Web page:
Neither today's WSJ article nor the February 2013 NYT article takes up the question of how much European civil society and anti-drone campaigning has affected the willingness of European defense ministries either to buy military drones or engage in developing them. One can only speculate as to those effects, but European defense ministry officials and their lawyers appear actively to be grappling with the legal, policy, moral and legitimacy arguments that surround drones and targeted killing by the United States. Seeking to understand those arguments does not mean agreeing with them, but they do want to know what they are, partly to formulate positions for themselves, their view of the applicable law for themselves, and partly to see whether, how, and to what extent cooperation with the US is possible in NATO operations. They seek to fill in three conceptual categories: where their legal views on lawful targets are the same as the US; where they are different but functionally reconcilable so to be able to operate according to their own views, but still cooperating directly with the US in operations; and where they are simply irreconcilable with American legal view, in both legal theory and operational practice, to such an extent that there is no genuine possibility of a parallel legal track leading to approximately the same practical result. European governments have to reach their own internal legal and policy views on these new technologies, and also face important skepticism in their parliaments as to the use or development of military drones; defense ministries seek to understand these arguments, in order to determine, articulate, and defend their own positions.
That involves understanding, however, why Europe's militaries need to deploy - as a humanitarian and ethical matter - both surveillance and weaponized drones in some, even many, missions where lack of alternatives means that they now use manned attack aircraft. French and British 2011 air operations over Libya are case-in-point. After Qadaffi fell, NYT reporters C.J. Chivers and Eric Schmitt tried to get answers from NATO about civilian casualties there; NATO initially brushed them off entirely, even when presented with a lengthy list of civilian casualty incidents from NATO air strikes. NATO eventually grudgingly admitted that there might have been, but declined to undertake any investigation. The reporters were not, note, claiming that any of these incidents was illegal, let alone a war crime - the real question, or at least my question arising from their list, was whether even lawful targeting could have been made still more precise using drones in both surveillance and missile strikes.
It is unlikely that it would not have been improved; whether by a lot or a little is hard to assess. Not long after the air campaign opened, and the Obama administration had said that it was "leading from behind" and so not providing direct, overt military assets over Libyan airspace, the head of NATO was urgently calling on the US to provide surveillance drones to improve targeting abilities of European manned attack jets. But the reality is that tactically it made little sense to use a surveillance drone to locate a moving target, and then call in manned aircraft requiring precious tactical minutes - by which time the target might have moved or civilians have shifted. The obvious thing was to weaponize the drone.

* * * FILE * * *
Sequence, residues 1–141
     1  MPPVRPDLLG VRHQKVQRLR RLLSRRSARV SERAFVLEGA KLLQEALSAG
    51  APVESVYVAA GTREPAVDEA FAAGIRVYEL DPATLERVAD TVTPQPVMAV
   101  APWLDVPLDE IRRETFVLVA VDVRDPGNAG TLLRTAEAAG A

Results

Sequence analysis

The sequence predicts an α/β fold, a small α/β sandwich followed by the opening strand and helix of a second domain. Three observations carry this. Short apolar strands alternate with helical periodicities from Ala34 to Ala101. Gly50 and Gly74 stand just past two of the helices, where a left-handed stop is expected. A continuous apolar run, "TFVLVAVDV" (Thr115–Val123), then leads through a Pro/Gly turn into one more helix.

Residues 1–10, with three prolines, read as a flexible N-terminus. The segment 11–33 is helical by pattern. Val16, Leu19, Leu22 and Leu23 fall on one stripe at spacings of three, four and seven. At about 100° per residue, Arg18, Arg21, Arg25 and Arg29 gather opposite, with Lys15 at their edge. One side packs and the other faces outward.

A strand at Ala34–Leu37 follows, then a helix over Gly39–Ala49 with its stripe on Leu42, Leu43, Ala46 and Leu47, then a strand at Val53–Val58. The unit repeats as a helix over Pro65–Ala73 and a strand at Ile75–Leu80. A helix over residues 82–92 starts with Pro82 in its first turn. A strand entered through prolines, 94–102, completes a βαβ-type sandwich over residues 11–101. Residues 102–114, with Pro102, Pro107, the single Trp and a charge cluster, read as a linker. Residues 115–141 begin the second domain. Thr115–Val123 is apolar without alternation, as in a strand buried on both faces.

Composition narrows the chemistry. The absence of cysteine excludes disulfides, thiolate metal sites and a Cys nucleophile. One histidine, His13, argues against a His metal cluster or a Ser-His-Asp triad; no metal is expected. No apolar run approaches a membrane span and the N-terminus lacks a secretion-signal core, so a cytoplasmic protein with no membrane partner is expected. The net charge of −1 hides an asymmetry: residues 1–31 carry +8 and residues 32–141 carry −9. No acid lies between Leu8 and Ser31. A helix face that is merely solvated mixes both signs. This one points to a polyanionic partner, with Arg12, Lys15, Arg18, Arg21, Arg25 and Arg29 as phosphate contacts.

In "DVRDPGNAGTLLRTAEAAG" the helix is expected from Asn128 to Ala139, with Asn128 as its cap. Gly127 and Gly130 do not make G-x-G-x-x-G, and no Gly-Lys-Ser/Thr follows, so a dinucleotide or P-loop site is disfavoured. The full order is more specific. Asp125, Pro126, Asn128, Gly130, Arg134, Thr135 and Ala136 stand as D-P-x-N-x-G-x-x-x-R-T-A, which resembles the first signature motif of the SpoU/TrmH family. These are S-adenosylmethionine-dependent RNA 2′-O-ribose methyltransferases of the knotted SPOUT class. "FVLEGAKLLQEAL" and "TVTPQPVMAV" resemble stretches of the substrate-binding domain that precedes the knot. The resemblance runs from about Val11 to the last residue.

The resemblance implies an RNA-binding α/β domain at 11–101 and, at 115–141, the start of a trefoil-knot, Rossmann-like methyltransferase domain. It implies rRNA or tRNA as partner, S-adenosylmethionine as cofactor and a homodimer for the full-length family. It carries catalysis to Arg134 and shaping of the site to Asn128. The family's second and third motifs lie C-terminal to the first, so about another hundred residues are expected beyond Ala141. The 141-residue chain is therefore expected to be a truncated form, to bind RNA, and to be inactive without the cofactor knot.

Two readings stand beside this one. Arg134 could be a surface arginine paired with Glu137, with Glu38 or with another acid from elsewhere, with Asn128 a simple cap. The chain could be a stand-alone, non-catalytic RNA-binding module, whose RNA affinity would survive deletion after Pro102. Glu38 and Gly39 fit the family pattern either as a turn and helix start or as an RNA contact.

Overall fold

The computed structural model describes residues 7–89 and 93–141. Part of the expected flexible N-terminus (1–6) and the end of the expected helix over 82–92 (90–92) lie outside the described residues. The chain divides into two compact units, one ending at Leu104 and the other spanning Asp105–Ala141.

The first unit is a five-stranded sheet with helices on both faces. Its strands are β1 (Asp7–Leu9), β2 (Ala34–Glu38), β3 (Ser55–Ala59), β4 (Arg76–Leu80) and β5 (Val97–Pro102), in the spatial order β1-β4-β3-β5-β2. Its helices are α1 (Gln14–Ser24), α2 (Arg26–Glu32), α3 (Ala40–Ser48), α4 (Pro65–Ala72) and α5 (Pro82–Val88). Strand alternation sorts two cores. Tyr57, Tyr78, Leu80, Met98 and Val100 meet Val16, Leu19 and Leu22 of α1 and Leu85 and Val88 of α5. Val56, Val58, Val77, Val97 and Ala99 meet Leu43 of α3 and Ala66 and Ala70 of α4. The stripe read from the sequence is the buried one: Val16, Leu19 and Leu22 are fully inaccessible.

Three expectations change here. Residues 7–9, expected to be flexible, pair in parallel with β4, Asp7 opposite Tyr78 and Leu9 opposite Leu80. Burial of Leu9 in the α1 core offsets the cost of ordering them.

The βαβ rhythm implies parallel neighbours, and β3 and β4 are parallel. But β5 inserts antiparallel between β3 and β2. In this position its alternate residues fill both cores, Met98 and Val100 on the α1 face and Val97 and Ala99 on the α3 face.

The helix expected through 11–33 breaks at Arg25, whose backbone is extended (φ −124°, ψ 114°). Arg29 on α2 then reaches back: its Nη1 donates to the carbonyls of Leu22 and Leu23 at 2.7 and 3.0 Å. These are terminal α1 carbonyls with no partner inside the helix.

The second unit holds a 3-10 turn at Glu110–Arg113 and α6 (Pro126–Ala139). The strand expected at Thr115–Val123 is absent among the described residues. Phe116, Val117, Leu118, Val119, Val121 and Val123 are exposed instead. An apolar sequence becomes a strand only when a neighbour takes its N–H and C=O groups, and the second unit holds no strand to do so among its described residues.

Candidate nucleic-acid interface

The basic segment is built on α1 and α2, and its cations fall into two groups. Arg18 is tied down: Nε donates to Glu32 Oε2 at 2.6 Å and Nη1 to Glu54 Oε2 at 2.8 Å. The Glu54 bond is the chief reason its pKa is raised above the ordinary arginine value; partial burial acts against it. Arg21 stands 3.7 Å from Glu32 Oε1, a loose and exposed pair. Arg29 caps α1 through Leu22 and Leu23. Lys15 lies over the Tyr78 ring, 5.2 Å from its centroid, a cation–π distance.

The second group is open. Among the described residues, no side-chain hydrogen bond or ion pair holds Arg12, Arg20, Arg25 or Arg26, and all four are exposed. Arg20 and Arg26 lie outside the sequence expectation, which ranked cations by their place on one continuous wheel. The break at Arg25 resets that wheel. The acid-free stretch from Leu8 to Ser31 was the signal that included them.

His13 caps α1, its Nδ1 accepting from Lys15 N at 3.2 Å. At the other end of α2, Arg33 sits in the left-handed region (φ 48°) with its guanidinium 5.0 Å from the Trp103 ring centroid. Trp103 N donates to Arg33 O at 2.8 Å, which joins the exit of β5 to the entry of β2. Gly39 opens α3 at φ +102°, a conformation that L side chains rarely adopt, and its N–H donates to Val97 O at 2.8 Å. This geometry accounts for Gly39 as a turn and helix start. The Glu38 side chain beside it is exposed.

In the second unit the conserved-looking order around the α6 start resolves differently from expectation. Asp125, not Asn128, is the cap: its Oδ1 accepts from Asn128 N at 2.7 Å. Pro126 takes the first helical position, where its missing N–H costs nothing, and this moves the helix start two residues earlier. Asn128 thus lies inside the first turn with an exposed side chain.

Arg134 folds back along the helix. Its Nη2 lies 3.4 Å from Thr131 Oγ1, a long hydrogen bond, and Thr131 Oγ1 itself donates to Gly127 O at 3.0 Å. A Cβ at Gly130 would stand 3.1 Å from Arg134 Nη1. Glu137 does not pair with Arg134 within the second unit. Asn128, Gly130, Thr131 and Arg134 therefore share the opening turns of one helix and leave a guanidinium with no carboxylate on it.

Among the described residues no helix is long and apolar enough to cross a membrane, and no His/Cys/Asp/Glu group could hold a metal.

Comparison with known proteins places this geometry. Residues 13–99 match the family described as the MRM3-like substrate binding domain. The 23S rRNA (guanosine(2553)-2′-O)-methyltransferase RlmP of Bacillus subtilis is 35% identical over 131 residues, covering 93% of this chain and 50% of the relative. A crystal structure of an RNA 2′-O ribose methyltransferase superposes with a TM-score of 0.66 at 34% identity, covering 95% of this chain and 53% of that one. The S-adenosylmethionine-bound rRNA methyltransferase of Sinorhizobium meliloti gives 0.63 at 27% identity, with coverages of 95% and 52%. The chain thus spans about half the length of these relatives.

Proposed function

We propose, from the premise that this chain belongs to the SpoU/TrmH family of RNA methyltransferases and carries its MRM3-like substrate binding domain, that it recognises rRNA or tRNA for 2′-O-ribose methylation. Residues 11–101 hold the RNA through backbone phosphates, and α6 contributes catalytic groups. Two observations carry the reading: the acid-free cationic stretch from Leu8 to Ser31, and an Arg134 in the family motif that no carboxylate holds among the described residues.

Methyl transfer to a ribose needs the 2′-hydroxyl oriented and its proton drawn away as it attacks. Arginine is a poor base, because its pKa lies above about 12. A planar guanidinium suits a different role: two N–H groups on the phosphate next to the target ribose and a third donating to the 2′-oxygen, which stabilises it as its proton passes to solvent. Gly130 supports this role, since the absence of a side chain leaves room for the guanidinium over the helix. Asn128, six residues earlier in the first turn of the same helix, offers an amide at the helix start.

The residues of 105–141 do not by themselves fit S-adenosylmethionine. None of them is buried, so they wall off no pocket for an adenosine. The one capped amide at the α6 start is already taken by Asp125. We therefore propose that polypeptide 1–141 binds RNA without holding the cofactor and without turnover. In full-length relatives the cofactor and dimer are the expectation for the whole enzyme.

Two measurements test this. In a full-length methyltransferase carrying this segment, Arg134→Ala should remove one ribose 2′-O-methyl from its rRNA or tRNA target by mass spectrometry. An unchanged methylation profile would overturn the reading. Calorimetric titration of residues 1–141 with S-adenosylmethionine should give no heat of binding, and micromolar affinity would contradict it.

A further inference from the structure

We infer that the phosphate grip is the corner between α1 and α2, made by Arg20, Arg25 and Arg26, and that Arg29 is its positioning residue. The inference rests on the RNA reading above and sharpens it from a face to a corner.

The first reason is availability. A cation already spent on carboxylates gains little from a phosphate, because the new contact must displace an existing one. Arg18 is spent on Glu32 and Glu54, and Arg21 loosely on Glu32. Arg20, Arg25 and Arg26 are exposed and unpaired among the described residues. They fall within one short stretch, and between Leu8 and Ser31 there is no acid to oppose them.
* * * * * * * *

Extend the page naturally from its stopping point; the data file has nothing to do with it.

Meanwhile, however, campaigning organizations - in the US and elsewhere, but strongest by far in their impact in Europe - darkly warn that as weaponized drones spread, the US will reap what it has sown through its targeted killing policies, and come to regret its arrogant exercise of special power privileges. This is not a persuasive claim, I would say, or an accurate characterization of the US position. The US does not believe that it is merely availing itself of a technology to which, for a time, it has held special access, and law must conform to its special privileges. On the contrary, the US sees its use of drone warfare and targeted killing as both lawful and good policy, and this in large part because the US sees the situation as an armed conflict and legally constrained existing law of targeting. One might disagree - as many do, including some European allies, campaigning groups, and the ICRC - with parts of the US interpretation of those rules, particularly who can be targeted and when, but it is a legally defensible, articulated position that adheres to (and develops in the context of new technology) long-held US positions on targeting law.
With respect to others such as China, Russia, or others, however, the US is not claiming special privileges of power here - "just because we can." The US government appears perfectly happy to say that if other governments actually follow these targeting standards, it does not have a problem as a matter of the laws of war - including China or other potential state adversaries. The possibility that China and other states would somehow not have marched ahead to develop so important a civilian (and not just military), technology as drone aircraft just because the United States somehow did not do so is far-fetched at best. (I leave for another post the question of whether possible drone military encounters over islands contested between China and Japan are better or worse than the alternative encounters.)
It is finally hard to say, save by speculation, how much campaigning efforts to stigmatize a weapon and governments that acquire it actually impact government policies - especially when the technology is going to be transformative in so many ways that military uses will be only one part. Still, I would guess that the impact in Europe has been to slow down - not stop, but slow, and possibly fatally so, from a "business model" standpoint - the European defense establishment's development of military drone technology. In that sense it is speculative, yes, but an important missing link in the account of the business of European military drones that the WSJ article describes. But the result today is exactly what the article describes: from the standpoint of having a home-grown military drone technological base, as well as actually possessing drones and especially the latest technologies, Europe is left in the position of playing catchup.